The computer operating system Linux and the Web browser Firefox are generally considered the two biggest successes of the movement to develop open-source programs—software anyone can modify, transform, and redistribute back into the community. While there are thousands of other examples, Linux and Firefox have managed to mount serious competition to established commercial products, and have therefore come to represent this specific, collective mode of creation.But Linux and Firefox are made of bits. They are immaterial. Bits can be shared and sent around easily, so that distant people can work on them concurrently; bugs can be corrected almost instantly; new versions containing updates, improvements, or fixes can be released virtually for free.
So here’s a question: Can open-source practices and approaches be applied to make hardware, to create tangible and physical objects, including complex ones?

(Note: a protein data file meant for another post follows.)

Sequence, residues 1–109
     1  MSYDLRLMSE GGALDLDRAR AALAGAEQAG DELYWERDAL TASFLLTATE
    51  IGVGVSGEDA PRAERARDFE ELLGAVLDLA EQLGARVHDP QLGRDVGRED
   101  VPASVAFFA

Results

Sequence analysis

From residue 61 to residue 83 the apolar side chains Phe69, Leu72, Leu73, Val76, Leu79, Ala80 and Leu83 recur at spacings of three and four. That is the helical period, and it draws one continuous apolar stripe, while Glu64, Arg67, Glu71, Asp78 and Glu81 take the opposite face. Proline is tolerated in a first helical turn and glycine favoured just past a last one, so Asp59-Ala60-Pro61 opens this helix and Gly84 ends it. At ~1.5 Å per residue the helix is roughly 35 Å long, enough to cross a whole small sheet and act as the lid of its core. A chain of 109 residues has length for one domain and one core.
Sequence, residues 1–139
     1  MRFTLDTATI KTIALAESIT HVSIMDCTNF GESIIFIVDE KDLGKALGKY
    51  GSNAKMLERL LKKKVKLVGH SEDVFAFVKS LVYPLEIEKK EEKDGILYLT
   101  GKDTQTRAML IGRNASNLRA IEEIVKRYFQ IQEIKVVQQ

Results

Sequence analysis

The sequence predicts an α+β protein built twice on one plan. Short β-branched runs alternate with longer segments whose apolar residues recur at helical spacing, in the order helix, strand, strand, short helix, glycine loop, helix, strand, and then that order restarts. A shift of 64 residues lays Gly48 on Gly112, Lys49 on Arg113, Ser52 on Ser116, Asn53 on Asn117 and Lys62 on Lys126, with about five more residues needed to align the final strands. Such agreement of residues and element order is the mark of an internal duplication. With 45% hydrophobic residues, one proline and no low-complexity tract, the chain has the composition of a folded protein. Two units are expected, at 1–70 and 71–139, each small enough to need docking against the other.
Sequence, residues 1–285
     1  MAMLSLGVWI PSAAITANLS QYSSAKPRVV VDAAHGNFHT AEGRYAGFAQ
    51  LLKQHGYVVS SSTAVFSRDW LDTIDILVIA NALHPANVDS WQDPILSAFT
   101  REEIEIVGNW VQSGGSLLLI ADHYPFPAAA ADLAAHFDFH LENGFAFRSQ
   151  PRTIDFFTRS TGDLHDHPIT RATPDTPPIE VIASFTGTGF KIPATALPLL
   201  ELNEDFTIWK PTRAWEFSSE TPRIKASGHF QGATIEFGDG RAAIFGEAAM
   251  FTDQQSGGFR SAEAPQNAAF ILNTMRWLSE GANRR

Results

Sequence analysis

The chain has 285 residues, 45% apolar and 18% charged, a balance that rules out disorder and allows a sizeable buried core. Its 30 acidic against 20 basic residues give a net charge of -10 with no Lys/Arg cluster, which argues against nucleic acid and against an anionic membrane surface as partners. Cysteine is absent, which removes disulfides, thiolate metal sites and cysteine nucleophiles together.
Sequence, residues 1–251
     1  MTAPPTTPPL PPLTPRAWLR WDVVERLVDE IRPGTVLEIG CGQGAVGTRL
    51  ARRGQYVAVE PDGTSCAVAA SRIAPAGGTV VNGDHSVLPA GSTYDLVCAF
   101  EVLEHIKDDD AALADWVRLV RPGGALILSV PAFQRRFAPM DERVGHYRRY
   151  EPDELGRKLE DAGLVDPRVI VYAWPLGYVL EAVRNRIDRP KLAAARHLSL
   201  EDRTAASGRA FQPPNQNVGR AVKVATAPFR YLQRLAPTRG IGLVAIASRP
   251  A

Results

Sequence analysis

Read Open Source at 90 MPH from Business Week. On topic: Taking Open Source to the Next Level on MetaFilter and Dana Blankenthorn’s Open source is a development model on ZDNet. (Plus, Google Web Toolkit goes 100% open source from ZDNet, A look inside Google’s open-source kitchen from C|Net and NewsCloud opens up.)
Previously from WNM: When Open Source goes wrong, Open Sourcing crossing over, With ‘open innovation,’ no idea is left behind, Open Source…Management?, What is “Open Business” ? and Open-source politics are “American as apple pie”